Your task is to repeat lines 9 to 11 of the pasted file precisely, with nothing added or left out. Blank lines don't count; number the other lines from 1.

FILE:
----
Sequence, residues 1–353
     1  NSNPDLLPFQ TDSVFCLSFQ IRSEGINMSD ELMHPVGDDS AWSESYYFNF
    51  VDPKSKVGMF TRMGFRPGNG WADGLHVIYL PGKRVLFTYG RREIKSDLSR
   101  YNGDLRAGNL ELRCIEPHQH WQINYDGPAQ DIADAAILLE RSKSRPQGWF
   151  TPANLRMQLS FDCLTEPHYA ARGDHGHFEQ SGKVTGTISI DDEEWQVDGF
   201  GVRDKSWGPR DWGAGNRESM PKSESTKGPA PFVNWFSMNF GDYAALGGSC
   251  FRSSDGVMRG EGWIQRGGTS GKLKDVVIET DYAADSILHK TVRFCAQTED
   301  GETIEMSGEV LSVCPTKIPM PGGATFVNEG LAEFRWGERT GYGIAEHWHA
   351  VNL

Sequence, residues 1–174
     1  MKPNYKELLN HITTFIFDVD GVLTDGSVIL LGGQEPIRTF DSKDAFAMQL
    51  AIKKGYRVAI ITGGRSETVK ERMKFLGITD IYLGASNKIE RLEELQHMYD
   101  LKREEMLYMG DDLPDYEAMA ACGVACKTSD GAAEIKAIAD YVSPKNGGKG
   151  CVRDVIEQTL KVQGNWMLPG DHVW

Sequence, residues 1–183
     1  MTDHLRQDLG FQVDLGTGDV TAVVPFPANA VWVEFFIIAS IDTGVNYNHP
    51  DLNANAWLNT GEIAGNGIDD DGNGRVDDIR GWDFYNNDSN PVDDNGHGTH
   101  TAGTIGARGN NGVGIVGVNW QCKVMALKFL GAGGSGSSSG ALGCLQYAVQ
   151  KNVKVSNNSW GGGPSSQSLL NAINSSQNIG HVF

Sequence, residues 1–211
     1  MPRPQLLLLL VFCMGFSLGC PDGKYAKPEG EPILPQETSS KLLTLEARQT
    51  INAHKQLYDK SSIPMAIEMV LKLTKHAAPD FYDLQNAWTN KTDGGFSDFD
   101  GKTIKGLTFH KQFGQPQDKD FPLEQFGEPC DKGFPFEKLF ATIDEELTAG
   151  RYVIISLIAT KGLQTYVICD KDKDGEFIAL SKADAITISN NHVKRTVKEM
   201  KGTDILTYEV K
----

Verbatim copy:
   351  VNL

Sequence, residues 1–174
     1  MKPNYKELLN HITTFIFDVD GVLTDGSVIL LGGQEPIRTF DSKDAFAMQL